Hear this rare 1970 version of Led Zeppelin's 'No Quarter'
(Credit: Jim Summaria)

The Led Zeppelin song that was inspired by James Brown

There would have been a few worried industry executives when the thought of recording a new Led Zeppelin album arose in 1972. With Led Zeppelin IV becoming one of the greatest rock albums of all time, the next Zep material was always destined to be a tough one.

However, as they often did, Jimmy Page, Robert Plant, John Bonham and John Paul Jones would surprise all their fans and their label and deliver an entirely unique album, Houses of the Holy.

The record would feature some of Zeppelin’s most notable songs of all time, like ‘D’Yer Make Her’, ‘The Song Remains The Same’ and ‘No Quarter’, but also provide the band to truly unleash their funky side and pay homage to the Godfather of Funk, James Brown.

The record is famed for having as many musical directions as is possible on an album. That said, it is the song ‘The Crunge’ that has become known for being Zeppelin’s funk number. An unusual 9/8 rhythm, a funk sound, and carefree lyrics have made it an essential listening experience for Zeppelin fans.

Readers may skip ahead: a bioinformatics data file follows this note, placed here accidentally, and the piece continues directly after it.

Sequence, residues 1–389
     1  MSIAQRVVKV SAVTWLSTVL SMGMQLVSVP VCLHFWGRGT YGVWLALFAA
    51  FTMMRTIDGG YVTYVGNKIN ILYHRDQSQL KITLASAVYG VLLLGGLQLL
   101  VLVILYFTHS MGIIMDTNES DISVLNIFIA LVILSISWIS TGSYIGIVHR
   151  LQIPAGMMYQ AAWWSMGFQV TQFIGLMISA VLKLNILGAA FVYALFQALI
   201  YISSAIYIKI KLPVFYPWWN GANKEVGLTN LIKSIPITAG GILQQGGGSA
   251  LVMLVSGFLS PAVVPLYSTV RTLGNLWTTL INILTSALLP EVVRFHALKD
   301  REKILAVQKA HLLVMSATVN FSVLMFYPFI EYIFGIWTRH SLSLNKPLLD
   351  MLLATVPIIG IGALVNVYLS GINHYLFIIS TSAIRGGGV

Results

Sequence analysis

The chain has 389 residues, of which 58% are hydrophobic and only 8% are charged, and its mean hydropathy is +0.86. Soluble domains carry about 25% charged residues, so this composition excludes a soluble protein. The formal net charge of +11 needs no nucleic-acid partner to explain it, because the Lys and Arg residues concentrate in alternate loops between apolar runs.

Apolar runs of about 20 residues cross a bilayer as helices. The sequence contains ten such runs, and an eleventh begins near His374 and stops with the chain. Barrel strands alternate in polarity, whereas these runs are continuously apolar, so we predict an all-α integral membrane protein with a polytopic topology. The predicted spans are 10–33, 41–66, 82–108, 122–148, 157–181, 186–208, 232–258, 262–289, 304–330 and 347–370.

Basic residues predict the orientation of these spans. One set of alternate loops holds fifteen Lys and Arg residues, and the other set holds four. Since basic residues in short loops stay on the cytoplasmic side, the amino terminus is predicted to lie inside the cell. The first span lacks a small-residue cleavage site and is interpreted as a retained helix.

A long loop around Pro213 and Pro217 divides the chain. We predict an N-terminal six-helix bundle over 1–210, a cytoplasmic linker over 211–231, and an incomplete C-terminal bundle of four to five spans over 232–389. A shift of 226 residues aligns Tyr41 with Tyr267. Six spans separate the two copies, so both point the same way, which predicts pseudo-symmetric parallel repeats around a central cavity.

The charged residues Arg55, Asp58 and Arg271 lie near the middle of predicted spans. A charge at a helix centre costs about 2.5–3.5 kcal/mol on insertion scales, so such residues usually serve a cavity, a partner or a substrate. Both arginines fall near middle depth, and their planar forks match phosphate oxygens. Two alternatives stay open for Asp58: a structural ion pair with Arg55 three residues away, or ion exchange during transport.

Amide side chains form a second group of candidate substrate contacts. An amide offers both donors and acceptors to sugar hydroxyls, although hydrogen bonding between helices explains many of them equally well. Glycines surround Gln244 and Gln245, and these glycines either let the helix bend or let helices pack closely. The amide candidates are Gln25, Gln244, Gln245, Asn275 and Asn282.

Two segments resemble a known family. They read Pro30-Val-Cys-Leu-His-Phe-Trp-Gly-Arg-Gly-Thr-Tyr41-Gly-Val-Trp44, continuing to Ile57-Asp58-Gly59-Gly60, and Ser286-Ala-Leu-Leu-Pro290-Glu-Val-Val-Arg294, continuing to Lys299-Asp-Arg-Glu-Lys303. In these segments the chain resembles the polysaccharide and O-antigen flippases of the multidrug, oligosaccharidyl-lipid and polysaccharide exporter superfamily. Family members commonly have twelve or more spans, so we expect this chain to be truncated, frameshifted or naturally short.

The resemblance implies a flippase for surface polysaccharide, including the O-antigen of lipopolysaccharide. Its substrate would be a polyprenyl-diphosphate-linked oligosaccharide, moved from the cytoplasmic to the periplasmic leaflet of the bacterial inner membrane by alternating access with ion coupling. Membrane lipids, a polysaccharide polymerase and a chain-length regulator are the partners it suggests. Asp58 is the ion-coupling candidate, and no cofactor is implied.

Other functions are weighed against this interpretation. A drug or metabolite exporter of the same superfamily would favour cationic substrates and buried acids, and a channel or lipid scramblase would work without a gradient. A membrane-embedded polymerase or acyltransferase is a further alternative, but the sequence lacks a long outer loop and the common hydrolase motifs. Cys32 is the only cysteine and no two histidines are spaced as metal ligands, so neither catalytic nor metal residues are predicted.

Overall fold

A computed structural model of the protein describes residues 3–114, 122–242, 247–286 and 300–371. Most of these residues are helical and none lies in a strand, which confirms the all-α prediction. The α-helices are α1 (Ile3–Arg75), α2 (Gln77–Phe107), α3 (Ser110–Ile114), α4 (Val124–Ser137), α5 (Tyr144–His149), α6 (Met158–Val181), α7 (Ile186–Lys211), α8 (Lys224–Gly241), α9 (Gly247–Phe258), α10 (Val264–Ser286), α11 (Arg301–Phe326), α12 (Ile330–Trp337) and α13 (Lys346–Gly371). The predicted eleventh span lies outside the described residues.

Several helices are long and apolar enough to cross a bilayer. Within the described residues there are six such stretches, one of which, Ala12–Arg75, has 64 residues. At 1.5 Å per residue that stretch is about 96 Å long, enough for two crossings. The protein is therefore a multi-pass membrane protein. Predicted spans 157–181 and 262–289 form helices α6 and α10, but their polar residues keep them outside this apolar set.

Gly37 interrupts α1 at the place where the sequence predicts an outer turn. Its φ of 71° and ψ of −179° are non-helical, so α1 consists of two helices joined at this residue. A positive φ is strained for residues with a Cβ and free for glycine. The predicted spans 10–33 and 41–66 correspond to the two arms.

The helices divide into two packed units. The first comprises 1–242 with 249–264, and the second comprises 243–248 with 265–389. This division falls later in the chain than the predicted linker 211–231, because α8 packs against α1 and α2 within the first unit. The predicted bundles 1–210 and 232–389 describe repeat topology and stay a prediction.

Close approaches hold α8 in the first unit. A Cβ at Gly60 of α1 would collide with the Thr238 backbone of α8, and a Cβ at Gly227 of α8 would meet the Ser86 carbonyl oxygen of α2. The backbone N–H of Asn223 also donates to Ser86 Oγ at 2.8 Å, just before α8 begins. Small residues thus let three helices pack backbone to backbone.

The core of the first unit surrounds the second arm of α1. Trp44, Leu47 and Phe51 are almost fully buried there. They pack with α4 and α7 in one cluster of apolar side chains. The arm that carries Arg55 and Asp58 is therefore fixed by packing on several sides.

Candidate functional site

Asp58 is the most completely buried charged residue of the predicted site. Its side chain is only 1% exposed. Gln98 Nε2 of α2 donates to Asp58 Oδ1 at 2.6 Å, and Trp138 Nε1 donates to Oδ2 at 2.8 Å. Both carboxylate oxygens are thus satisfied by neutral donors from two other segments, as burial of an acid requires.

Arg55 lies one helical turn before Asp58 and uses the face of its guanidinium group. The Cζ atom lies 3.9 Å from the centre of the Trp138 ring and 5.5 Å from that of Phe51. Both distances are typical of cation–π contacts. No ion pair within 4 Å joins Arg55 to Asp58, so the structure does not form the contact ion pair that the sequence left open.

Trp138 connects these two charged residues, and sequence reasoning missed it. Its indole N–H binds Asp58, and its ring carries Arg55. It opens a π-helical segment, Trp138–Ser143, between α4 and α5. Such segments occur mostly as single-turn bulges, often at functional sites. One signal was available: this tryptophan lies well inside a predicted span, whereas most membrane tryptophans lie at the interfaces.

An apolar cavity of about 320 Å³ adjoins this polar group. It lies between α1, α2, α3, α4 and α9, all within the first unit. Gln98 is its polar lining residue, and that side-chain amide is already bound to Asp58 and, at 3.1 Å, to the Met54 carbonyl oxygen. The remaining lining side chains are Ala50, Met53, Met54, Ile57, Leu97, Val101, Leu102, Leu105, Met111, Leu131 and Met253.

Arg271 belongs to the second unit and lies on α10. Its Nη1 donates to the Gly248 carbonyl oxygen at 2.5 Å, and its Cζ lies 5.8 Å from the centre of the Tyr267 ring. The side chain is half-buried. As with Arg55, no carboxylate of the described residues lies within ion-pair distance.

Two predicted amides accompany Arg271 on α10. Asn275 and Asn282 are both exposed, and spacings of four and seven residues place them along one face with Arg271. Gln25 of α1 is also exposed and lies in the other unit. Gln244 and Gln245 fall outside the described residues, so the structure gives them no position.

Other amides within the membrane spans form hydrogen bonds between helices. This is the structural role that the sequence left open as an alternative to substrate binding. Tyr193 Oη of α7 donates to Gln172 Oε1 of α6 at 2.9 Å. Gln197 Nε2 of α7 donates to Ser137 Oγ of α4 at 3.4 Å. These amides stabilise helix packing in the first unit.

When we say essential, we’re not exactly confirming the track as brilliant. Like ‘D’Yer Make Her’, which acted as the other single on the release, the song sees the band trying to experiment but often falling closer to imitation than inspiration. It’s a sentiment that is confirmed when Plant sings, “Where’s that confounded bridge?” in homage to Brown’s famous line.

Lyrically, the song is a little tongue-in-cheek and a little downright stupid—but much of that frivolity came from the song’s conception. Originally beginning life as a jam session between John Bonham and John Paul Jones, the song soon morphed into an album track.

As the track abruptly ends, Plant is left posing the aforementioned question it becomes clear that the unanswered query is a fair assessment of why the song never popped.

Listen to Led Zeppelin’s ‘The Crunge’ below.

Source: Cheat Sheet

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